Federico Zeri with the assistance of Elizabeth E. Gardner. Italian Paintings: A Catalogue of the Collection of The Metropolitan Museum of Art, Sienese and Central Italian Schools. New York, 1980, pp. 32–33, pl. 23, date it probably between 1360 and 1365, noting the influence of Niccolò di Ser Sozzo.

Cristina De Benedictis in Il Museo Bardini a Firenze. Milan, 1984, vol. 1, pp. 125, 227, proposes that it was originally the center of an altarpiece flanked on the left by a Saint Stephen (Galleria di Palazzo Mozzi Bardini, Florence) and on the right by a Saint John the Baptist (Museo Bardini, Florence); dates this altarpiece 1370–80; identifies Stefano Bardini as the owner of all three panels until he received export licenses for the Saint Stephen and the Madonna and Child, in 1918 and 1919 respectively [the Saint Stephen was evidently not exported, since it was included in the Bardini estate; see Ref. Berenson 1968, where these three pictures are reproduced together].

Sherwood A. Fehm Jr. Luca di Tommè: A Sienese Fourteenth-Century Painter. Carbondale, 1986, pp. 24, 84, no. 14, ill., dates it about 1362–65 and calls it the central panel of a polyptych, but is unaware of De Benedictis's [see Ref. 1984] identification of the two flanking panels, both of which he dates 1374–90.

Erling S. Skaug. Punch Marks from Giotto to Fra Angelico: Attribution, Chronology, and Workshop Relationships in Tuscan Panel Painting. Oslo, 1994, vol. 1, p. 244, 246–47; vol. 2, punch chart 7.11, figs. 26b, 117i, 355ii, 402iii, 706i (details of punch marks), based on the technical evidence of the punch marks, dates it before 1362.

Pia Palladino. Art and Devotion in Siena after 1350: Luca di Tommè and Niccolò di Buonaccorso. Exh. cat., Timken Museum of Art. San Diego, 1997, pp. 46, 76 n. 80, p. 79, colorpl. 9, dates it about 1362.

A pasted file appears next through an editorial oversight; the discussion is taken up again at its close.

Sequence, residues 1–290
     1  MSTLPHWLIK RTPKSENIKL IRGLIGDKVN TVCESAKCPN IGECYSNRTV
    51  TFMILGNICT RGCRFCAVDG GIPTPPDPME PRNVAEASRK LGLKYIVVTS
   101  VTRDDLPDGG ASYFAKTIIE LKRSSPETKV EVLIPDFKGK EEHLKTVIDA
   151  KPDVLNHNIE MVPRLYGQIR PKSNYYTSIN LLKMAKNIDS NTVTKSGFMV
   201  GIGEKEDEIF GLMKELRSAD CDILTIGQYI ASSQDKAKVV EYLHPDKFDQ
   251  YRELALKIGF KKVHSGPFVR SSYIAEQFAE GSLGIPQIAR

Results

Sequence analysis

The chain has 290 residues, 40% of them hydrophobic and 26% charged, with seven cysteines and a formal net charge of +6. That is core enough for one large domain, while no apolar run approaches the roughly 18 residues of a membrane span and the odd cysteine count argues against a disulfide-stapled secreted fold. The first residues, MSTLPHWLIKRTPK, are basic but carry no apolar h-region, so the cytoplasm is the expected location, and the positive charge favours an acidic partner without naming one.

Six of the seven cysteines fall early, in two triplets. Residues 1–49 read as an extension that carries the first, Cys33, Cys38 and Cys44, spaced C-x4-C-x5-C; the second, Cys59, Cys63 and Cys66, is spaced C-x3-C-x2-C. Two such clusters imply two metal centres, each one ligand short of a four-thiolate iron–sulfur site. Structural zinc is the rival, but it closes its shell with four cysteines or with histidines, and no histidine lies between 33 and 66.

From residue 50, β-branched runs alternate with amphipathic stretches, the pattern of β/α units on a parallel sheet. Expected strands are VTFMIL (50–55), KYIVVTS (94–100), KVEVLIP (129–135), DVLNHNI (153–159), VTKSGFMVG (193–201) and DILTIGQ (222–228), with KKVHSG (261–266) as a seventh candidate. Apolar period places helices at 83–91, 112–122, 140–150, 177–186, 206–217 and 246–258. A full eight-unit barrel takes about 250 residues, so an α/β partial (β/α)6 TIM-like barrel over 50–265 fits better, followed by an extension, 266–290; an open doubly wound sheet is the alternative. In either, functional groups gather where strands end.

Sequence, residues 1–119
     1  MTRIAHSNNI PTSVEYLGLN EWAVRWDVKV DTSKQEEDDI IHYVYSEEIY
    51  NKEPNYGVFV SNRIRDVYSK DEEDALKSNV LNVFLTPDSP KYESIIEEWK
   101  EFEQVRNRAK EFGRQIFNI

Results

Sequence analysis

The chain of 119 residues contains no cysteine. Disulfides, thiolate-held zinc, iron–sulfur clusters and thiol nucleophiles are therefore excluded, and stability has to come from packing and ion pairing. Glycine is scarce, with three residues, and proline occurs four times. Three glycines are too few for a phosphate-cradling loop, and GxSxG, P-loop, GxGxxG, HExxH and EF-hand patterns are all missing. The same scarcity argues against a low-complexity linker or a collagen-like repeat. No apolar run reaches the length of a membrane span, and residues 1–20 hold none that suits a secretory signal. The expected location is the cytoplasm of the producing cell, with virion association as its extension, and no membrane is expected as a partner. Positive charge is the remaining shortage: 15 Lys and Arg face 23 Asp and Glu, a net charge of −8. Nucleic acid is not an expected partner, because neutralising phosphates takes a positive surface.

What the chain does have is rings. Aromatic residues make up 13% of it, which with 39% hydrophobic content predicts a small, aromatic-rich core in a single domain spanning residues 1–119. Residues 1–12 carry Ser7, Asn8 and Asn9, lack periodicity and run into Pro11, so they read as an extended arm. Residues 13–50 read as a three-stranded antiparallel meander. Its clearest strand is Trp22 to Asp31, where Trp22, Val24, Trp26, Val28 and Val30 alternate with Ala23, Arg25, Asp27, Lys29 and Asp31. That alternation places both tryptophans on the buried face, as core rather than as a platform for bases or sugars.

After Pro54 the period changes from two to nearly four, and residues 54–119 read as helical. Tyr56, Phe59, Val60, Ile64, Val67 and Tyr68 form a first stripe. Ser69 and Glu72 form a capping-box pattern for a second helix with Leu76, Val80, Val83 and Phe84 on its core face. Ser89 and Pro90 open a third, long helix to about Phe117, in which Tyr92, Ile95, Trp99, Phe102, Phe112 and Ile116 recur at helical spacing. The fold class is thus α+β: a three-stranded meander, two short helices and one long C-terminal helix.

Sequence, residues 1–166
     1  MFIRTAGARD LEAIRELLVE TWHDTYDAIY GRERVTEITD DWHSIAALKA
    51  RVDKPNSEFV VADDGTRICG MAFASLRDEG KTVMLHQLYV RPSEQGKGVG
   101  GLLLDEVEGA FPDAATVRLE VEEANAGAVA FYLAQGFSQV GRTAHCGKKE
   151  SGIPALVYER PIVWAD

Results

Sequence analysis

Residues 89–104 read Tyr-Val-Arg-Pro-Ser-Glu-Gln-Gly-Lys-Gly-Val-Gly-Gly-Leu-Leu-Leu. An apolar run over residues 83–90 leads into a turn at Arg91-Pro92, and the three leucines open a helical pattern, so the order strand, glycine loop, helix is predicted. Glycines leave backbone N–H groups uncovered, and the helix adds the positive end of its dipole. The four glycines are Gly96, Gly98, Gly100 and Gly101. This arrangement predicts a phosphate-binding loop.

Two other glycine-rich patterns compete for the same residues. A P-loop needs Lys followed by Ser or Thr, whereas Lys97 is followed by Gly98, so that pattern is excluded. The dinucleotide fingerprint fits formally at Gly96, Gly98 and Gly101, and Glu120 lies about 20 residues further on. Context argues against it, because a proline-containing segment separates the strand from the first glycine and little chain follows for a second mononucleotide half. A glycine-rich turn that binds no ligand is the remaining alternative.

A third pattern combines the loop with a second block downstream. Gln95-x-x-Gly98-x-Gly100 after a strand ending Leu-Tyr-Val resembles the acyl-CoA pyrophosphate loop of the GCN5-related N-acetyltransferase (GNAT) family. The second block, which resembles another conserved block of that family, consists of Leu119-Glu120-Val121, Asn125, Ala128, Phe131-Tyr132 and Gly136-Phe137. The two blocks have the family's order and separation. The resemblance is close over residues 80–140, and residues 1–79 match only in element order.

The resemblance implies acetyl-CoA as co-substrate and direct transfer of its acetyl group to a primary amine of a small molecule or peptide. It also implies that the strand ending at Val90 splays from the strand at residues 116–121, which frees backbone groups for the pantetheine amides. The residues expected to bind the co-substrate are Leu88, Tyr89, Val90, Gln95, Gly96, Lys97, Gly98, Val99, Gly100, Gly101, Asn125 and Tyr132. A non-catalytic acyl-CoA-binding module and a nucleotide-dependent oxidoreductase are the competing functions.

Mojmír S. Frinta. "Part I: Catalogue Raisonné of All Punch Shapes." Punched Decoration on Late Medieval Panel and Miniature Painting. Prague, 1998, pp. 226, 323, 354, 416, 438, 453, 536, 544, ill. pp. 226, 323, 536, 544 (details of punch marks), attributes it to Niccolò di Ser Sozzo and Luca di Tommè; classifies the punch marks appearing in this painting, identifying one as a modern imitation by Federico Joni.

Mario Scalini in Ospiti inattesi: opere inedite o poco note dalla Raccolta Statale Bardini. Ed. Mario Scalini and Gian Piero Cammarota. Exh. cat., Pinacoteca Nazionale di Bologna. Cinisello Balsamo (Milan), 2006, pp. 29–33, fig. 1 (reconstruction), illustrates the proposed reconstruction of a polyptych, with the MMA panel at center, flanked by figures of Saints Paul and Peter (both Galleria di Palazzo Mozzi Bardini, Florence), and Saints Stephen and John the Baptist on the outer ends; although reproducing the MMA panel, states that the central panel of the polyptych was more probably a Madonna and Child in the Museo de Arte de Ponce (64.0270); attributes the work to Luca di Tommè and identifies it with a polyptych commissioned by the Biccherna in 1374, suggesting that it may also have been the altarpiece of the Dragomanni chapel in the church of San Domenico, Arezzo.

Ilaria Taddei in Ospiti inattesi: opere inedite o poco note dalla Raccolta Statale Bardini. Ed. Mario Scalini and Gian Piero Cammarota. Exh. cat., Pinacoteca Nazionale di Bologna. Cinisello Balsamo (Milan), 2006, p. 38, under no. 1a, p. 40, under nos. 2a–3a, calls Berenson's [see Ref. 1968] reconstruction problematic.

Gabriele Fattorini. "Luca di Tommè, Sano di Pietro e due polittici per la chiesa di San Giovanni Battista all'Abbadia Nuova di Siena." Prospettiva nos. 126–27 (April–July 2007), p. 74.



This panel was the center of an unidentified altarpiece. Cristina De Benedictis (1984) has proposed two panels as companions to the MMA work: a Saint Stephen (Galleria di Palazzo Mozzi Bardini, Florence), which would have flanked it on the left, and a Saint John the Baptist (Museo Bardini, Florence), which would have flanked it on the right. Both these panels come from the collection of Stefano Bardini, as does the MMA work. Berenson (1968) illustrates the three panels together, but does not connect them in his text. Sherwood Fehm (1986), unaware of De Benedictis's proposal, dates the MMA work about 1362–65 and the two panels of saints 1374–90.

Mario Scalini (2006) adds two more panels to the polyptych—Saints Paul and Peter (both Galleria di Palazzo Mozzi Bardini, Florence)—but believes that the central panel was probably a Madonna and Child in the Museo de Arte de Ponce (64.0270).

This painting shows the influence of Niccolò di Ser Sozzo (d. 1363), with whom Luca di Tommè is known to have collaborated. An altarpiece in the Pinacoteca Nazionale, Siena (no. 51), is dated 1362 and signed with both artists' names.